The nature and correlates of self-esteem trajectories in late life

Jenny Wagner, D Gerstorf, C Hoppmann, Mary Luszcz

    Research output: Contribution to journalArticle

    42 Citations (Scopus)

    Abstract

    Is it possible to maintain a positive perspective on the self into very old age? Empirical research so far is rather inconclusive, with some studies reporting substantial declines in self-esteem late in life, whereas others report relative stability into old age. In this article, we examine long-term change trajectories in self-esteem in old age and very old age and link them to key correlates in the health, cognitive, self-regulatory, and social domains. To do so, we estimated growth curve models over chronological age and time-to-death using 18-year longitudinal data from the Australian Longitudinal Study of Ageing (N 1,215; age 65-103 years at first occasion; M 78.8 years, SD 5.9; women: 45% of sample). Results revealed that self-esteem was, on average, fairly stable with minor declines only emerging in advanced ages and at the very end of life. Examination of the vast between-person differences revealed that lower cognitive abilities and lower perceived control independently related to lower self-esteem. Also, lower cognitive abilities were associated with steeper age-related and mortality-related self-esteem decrements. In our discussion, we consider a variety of challenges that potentially shape self-esteem late in life and highlight the need for more mechanism-oriented research to better understand the pathways underlying stability and change in self-esteem.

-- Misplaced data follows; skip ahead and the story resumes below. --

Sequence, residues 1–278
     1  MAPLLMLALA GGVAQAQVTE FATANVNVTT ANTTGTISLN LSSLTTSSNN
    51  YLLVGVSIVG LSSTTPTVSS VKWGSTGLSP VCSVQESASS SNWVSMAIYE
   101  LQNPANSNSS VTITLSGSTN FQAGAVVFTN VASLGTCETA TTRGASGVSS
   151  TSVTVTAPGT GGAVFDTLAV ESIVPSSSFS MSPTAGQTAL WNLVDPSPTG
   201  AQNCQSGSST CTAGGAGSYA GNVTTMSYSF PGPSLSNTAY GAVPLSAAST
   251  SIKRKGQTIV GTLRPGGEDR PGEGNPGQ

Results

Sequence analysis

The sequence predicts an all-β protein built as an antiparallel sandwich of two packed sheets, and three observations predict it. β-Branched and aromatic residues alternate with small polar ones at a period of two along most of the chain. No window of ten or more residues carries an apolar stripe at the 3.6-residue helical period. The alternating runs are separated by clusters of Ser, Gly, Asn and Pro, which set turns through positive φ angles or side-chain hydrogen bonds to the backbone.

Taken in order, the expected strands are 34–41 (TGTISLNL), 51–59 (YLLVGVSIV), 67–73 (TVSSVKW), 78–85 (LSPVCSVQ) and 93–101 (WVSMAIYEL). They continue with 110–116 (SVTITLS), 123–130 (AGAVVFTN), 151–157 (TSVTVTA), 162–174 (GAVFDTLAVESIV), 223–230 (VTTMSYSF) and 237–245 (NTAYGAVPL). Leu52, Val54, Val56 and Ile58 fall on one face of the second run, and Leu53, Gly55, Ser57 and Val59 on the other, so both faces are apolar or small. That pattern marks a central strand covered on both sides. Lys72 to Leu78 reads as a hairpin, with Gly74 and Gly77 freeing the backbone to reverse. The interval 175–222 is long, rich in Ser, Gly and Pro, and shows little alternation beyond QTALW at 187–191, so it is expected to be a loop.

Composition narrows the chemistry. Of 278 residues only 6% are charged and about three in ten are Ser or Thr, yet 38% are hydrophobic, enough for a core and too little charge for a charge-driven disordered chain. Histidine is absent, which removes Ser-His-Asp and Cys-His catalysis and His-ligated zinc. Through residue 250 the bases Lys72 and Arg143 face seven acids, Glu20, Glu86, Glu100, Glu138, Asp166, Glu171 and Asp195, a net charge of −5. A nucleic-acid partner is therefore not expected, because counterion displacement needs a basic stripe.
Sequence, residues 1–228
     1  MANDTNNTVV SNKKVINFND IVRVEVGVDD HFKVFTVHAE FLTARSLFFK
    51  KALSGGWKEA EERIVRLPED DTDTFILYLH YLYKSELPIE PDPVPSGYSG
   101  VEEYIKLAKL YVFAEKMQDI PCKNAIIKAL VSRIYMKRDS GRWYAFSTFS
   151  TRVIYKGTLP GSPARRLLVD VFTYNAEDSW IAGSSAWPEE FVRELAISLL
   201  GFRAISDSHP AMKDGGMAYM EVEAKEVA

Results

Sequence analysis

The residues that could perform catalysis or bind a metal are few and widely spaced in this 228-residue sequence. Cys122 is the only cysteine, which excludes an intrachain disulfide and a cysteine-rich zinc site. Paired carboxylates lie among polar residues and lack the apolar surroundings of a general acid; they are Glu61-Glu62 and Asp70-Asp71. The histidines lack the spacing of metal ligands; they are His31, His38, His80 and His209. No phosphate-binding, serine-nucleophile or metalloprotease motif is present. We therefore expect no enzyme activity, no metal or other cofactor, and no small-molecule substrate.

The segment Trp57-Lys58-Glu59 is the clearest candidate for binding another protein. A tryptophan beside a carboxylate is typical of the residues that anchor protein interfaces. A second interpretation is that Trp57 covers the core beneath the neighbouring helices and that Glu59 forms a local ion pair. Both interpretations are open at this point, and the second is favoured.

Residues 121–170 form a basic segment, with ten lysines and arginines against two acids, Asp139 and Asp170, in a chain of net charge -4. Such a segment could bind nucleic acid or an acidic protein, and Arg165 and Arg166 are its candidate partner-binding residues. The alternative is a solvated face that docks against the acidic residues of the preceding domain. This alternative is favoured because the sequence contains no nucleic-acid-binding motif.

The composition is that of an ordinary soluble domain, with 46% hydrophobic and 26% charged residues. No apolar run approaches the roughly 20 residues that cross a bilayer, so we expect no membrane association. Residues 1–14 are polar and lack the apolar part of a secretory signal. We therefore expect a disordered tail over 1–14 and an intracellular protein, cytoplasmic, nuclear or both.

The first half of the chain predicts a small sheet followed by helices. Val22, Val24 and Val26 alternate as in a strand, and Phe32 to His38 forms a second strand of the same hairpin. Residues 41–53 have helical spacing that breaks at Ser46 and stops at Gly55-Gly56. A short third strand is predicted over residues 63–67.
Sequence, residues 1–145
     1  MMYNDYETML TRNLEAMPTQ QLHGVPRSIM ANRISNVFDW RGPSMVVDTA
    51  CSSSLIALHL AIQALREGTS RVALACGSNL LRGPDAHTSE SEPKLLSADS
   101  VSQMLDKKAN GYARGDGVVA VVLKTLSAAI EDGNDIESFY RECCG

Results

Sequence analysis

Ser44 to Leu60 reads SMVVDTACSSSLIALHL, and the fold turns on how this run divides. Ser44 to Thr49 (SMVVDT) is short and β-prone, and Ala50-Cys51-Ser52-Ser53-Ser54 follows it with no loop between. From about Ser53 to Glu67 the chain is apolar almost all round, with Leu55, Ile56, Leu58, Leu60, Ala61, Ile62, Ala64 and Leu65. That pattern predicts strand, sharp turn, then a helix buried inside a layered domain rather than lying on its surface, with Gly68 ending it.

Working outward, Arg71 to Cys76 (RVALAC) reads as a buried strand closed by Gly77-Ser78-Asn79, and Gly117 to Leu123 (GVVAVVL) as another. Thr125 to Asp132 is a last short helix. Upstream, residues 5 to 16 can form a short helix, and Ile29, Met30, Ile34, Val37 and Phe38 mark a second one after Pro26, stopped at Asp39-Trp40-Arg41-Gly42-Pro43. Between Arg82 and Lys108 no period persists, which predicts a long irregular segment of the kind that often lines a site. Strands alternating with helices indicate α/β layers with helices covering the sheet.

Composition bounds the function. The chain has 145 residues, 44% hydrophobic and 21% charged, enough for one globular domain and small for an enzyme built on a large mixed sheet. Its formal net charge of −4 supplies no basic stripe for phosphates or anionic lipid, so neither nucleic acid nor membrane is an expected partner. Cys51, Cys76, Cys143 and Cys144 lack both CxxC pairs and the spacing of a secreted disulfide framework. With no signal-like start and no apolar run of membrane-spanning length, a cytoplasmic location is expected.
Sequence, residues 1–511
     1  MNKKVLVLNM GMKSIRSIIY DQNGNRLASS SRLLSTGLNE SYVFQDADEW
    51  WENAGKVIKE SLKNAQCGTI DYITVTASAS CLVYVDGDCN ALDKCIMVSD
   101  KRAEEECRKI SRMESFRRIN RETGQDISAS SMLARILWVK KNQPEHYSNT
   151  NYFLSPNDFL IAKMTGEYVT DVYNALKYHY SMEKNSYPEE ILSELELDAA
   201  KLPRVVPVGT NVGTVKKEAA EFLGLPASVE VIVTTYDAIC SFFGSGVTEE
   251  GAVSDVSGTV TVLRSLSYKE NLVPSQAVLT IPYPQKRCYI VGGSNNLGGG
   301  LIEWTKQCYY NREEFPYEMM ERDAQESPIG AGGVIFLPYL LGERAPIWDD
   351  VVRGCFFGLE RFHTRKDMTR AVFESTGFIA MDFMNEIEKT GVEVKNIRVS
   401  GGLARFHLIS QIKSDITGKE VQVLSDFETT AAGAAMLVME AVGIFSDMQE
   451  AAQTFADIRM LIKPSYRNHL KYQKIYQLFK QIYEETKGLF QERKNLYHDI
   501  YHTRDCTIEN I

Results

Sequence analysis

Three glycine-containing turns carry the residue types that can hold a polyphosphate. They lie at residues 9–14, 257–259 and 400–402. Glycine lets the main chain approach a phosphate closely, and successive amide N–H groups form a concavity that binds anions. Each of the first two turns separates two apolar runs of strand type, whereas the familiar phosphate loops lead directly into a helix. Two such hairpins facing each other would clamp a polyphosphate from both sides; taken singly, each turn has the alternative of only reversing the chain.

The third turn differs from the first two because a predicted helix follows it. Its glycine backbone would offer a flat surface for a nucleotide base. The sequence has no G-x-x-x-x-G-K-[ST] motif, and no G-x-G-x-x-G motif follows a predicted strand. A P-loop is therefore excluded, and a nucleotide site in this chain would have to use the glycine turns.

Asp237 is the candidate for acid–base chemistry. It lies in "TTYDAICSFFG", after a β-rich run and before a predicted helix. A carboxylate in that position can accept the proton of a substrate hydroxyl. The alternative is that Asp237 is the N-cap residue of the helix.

Original languageEnglish
    Pages (from-to)139-153
    Number of pages15
    JournalJournal of Personality and Social Psychology
    Volume105
    Issue number1
    DOIs
    Publication statusPublished - 2013

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